The Mudcat Café TM
Thread #138380 Message #3163354
Posted By: Azizi
31-May-11 - 05:54 PM
Thread Name: ADD: Songs from Trinidad
Subject: Lyr Add: GYPSY IN THE MOONLIGHT (Trinidad)
Q, you're probably already familiar with the Trinidadian song "Gypsy In The Moonlight".
It may be that "Dulcie In The Moonlight" that Edric Connor included in his 1958 book is a version of the "Gypsy in the Moonlight" song that Alan Lomax collected from Trinidad in the 1990s. Or it could be that "Gypsy" was originally "Dulcie"*. But I wouldn't at all be surprised if both of those songs had a British source.
GYPSY IN THE MOONLIGHT
Sung by children at the San Juan Girls' Government School, San Juan Trinidad
In ring play formation, "Gypsy" dances outside the circle in verse one, inside during verse two, chooses a partner in verse three, and they dance together through the "tra la la" verse, when the first "Gypsy" leaves, and the new one takes over.
Group: Gypsy in the moonlight,
Gypsy in the dew.
Gypsy never come back,
Until the clock strike two.
Walk in, gypsy, walk in,
Walk right in, I say.
Walk into my parlor
To hear the banjo play.
Gypsy: I don't love nobody,
And nobody loves me.
All I want is Sarah [Harold; Marva etc]
To come dance with me.
Group: Tra la la la la la. (Etc)
-Alan Lomax, J.D. Elder; Bess Lomax Hawes: Brown Girl In The Ring,Caribbean Voyage (New York, Pantheon Press, 1997)
* It's possible that the name "Dulcie" in Connor's version might be the nickname of the girl whose turn it was to be the Gypsy in the singing game version of this song. The "walk with me" lines certainly strongly suggests that this is a dance song, and many singing games (and later, jump rope rhymes) came from social dance songs.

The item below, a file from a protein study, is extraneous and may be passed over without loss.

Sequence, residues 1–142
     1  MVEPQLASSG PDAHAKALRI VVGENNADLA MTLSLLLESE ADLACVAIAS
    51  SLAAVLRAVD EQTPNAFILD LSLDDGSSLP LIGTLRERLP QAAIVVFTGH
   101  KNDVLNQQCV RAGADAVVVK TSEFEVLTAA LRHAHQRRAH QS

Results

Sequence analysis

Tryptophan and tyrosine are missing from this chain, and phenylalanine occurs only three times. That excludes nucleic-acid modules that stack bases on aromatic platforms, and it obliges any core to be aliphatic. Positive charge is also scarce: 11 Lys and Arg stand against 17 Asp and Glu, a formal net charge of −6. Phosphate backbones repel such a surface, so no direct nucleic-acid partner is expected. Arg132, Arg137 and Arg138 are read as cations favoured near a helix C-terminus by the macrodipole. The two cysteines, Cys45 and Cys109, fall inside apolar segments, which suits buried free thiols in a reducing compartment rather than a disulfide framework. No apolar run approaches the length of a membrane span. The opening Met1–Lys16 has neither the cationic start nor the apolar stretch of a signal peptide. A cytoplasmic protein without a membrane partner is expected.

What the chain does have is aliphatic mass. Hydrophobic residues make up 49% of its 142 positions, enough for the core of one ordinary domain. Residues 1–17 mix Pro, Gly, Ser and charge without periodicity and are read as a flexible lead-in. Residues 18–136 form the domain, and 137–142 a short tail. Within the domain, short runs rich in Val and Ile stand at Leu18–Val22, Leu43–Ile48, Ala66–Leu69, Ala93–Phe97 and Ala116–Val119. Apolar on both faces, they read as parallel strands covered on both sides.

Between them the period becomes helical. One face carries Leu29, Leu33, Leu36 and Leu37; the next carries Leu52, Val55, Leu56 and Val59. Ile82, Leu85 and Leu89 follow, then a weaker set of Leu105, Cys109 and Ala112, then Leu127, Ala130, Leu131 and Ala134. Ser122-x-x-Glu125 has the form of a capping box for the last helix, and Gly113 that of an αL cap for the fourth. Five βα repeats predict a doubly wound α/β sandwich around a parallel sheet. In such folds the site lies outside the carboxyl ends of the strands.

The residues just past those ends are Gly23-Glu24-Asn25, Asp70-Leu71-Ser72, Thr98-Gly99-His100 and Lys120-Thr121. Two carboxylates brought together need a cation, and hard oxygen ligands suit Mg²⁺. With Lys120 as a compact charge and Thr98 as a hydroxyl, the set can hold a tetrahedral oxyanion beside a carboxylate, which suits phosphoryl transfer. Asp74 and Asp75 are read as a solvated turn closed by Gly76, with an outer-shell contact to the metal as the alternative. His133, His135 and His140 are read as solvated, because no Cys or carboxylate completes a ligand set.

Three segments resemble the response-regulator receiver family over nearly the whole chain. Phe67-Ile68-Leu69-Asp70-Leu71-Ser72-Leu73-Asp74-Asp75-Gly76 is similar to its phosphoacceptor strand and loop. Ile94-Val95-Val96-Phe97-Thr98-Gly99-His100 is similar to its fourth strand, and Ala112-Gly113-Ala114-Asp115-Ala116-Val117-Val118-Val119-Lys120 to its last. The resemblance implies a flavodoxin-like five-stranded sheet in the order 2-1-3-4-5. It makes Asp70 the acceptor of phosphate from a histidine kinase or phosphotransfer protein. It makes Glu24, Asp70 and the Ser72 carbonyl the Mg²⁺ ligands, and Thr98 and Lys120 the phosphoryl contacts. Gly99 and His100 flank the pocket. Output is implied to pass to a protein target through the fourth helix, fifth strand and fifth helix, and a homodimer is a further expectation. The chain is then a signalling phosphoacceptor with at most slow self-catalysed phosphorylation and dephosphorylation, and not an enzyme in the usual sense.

The second verse (the Gypsy verse given above ) reminds me of a very similar verse from the jump rope (skipping) rhyme which is now mostly a hand clap rhyme (in the USA) is "I Like Coffee I Like Tea" (also given as "I Love Coffee I Love Tea")
Ilove coffee I love tea
I want [person's name] to come jump with me.
A version of "I Like (Love) Coffee" has been documented in the USA as early as 1869.
"29 June 1869, Port Jervis (NY) Evening Gazette, pg. 2, col. 3:
The following amatory epistle from a little eight-year-old girl to her "bow" was picked up in one of the schools of Oswego, a few days ago. (...) I love coffee I love tea I love you if you love me."
Click http://www.cocojams.com/content/handclap-jump-rope-and-elastics-rhymes for that and other examples.
A mp3 for the song "Gypsy In The Moonlight" is found at http://www.amazon.com/Gypsy-in-the-Moonlight/dp/B0012JEHIO
A video of some British? school boys singing "Gypsy In The Moonlight" is found at http://www.youtube.com/watch?v=zdy8Qs6JLiU
The boys sing "I want __ to come sing with me".
The tune sounds like very much like "I Like (Love) Coffee I Love Tea".